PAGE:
Energy, transportation, and chemical sectors are major contributors to the increase in the greenhouse gas CO2 concentration in our atmosphere. Increasing greenhouse gases causes global warming. The growing concern about global warming is placing greater demands on improving energy efficiency of processes and on reducing CO2 emissions. The latter requires the separation of CO2 at the source before it is dispersed into the atmosphere. The U. S. Department of Energy has shown that separation of CO2 represents 75% of the overall cost associated with separation, storage, transport, and sequestration. Therefore, to make CO2 separation economically feasible, highly efficient materials and processes for CO2 capture are needed. Metal Organic Frameworks (MOFs) are a group of materials that shows tremendous promise for CO2 removal. However, MOFs are generally synthesized as powders, which can greatly limit the use of these materials for large-scale applications as those needed for CO2 capture during energy generation using post- and pre-combustion of fossil fuels. Membranes represent a simple way to expand the use of MOF materials to large-scale applications. However, technologies to make MOF membranes are still at infancy. In this project, a novel process called the SEAS Process, for making defect free MOF membranes was developed. Using the SEAS technique, MOF membranes were successfully made using CO2 selective MOF materials. The quality of the membranes prepared was evaluated using SEM, SEM-EDS, and XRD techniques. Although the project focused on MOF membranes for CO2 capture, the SEAS process is general enough that it can be applied to a broad variety of MOF and inorganic membranes for H2, O2/N2, and other gas separations. A provisional patent application has been filed.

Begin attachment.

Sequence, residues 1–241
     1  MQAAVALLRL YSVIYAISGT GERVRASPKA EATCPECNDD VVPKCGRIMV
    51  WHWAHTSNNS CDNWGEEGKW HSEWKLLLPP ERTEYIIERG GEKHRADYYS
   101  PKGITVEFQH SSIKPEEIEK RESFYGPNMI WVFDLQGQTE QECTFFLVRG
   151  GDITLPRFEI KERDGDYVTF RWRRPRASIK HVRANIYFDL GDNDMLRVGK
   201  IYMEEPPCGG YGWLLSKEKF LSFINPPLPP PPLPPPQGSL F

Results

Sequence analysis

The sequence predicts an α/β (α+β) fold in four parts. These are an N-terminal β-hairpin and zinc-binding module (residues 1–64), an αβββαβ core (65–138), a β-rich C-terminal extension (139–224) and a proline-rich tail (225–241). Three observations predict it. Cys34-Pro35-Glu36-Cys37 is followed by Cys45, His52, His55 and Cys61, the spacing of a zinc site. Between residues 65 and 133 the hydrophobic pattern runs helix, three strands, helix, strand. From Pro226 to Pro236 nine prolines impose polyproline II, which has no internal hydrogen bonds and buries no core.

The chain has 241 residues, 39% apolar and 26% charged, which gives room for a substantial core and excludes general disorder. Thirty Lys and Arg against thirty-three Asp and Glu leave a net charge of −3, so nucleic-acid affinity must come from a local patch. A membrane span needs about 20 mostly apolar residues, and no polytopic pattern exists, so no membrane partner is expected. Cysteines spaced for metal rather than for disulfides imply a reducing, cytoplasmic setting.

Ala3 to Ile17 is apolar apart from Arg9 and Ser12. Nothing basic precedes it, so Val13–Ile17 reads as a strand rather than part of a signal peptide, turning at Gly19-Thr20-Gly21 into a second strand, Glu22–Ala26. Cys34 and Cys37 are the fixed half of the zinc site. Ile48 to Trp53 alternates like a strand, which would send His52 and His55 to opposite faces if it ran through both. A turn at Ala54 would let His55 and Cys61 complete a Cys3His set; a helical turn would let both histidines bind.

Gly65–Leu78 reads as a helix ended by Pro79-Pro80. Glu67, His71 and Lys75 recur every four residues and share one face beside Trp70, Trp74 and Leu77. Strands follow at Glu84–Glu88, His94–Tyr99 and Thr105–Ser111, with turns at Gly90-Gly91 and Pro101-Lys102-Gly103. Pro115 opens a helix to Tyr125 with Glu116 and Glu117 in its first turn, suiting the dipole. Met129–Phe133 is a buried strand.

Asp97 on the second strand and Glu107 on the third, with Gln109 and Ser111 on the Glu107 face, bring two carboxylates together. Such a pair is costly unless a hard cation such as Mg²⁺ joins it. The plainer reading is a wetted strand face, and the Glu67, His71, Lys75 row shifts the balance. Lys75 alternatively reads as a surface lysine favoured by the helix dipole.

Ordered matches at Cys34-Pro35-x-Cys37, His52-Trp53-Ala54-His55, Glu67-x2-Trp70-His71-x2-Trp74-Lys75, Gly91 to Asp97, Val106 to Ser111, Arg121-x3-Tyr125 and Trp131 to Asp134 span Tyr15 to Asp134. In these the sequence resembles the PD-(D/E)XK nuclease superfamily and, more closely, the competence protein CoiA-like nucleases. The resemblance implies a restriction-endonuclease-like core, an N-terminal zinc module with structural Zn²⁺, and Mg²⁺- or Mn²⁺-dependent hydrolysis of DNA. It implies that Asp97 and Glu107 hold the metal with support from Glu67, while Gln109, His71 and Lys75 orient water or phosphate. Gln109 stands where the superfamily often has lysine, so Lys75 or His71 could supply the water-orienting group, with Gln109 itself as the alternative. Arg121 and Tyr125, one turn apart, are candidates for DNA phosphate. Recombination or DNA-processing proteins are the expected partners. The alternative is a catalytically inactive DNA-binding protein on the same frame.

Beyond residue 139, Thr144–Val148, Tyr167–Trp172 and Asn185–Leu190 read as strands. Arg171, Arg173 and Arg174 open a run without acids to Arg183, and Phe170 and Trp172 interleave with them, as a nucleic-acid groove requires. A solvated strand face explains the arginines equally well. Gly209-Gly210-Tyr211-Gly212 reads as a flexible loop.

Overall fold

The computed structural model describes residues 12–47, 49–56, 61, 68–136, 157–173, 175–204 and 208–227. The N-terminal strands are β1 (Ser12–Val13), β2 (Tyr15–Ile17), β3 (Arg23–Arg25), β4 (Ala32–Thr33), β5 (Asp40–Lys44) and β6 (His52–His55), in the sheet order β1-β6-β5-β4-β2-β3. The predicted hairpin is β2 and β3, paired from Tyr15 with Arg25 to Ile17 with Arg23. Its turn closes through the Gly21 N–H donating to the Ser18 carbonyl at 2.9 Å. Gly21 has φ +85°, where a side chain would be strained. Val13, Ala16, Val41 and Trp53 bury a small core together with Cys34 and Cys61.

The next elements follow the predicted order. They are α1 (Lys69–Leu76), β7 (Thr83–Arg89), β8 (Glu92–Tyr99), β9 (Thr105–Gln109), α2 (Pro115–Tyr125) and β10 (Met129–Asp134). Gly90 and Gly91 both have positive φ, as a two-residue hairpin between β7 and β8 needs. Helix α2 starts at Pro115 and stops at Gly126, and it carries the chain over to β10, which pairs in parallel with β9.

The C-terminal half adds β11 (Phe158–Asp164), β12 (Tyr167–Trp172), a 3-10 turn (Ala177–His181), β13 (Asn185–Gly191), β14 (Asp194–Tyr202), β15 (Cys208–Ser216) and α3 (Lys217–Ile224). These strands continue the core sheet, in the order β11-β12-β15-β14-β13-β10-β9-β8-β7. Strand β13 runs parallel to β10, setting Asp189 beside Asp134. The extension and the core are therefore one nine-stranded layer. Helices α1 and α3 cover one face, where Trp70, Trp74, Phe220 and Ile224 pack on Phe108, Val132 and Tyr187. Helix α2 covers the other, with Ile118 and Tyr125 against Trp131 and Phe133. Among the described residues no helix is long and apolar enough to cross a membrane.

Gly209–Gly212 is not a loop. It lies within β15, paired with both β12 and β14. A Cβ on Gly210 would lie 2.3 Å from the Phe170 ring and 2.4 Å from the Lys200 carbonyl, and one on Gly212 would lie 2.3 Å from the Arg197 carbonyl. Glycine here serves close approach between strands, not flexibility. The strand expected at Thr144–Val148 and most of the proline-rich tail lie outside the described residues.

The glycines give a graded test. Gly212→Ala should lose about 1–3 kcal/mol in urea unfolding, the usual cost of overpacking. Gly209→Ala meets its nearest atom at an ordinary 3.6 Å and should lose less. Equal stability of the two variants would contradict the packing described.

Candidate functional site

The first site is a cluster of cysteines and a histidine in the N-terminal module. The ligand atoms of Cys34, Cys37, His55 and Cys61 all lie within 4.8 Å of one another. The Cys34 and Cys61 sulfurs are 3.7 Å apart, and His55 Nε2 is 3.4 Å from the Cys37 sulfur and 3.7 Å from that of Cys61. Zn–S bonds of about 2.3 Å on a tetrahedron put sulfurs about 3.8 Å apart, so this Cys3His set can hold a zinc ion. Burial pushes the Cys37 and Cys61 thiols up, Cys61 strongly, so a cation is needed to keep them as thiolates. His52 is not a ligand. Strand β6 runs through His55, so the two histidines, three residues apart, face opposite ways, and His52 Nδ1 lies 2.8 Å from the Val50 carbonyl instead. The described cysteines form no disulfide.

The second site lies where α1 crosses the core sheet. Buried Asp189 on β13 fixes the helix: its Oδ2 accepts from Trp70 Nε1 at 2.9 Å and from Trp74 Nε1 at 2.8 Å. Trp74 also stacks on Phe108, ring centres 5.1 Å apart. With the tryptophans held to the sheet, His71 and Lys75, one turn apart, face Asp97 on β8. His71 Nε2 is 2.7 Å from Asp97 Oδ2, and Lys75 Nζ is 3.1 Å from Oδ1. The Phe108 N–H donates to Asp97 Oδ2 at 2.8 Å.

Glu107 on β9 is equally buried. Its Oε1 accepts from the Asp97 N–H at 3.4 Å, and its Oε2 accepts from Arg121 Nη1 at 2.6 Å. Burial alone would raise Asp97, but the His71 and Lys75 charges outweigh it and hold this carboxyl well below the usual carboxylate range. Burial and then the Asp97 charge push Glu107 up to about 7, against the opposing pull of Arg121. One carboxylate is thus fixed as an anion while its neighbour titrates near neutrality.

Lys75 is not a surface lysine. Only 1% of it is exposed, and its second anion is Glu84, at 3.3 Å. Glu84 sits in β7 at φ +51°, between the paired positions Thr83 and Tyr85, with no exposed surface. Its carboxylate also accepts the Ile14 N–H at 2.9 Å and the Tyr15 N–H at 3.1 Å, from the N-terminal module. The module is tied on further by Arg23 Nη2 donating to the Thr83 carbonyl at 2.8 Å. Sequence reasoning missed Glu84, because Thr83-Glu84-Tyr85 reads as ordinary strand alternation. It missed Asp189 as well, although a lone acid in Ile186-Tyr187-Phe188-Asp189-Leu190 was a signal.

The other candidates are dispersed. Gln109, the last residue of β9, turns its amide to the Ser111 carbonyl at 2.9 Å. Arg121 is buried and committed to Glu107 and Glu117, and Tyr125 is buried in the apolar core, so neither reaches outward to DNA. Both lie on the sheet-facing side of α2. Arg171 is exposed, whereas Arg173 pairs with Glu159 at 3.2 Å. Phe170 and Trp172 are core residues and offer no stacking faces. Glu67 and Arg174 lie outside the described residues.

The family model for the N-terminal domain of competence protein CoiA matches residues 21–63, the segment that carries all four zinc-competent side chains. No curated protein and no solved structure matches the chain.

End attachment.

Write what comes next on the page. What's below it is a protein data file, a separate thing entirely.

Serving Society Through Science: First Award of $500
Second Award of $2,000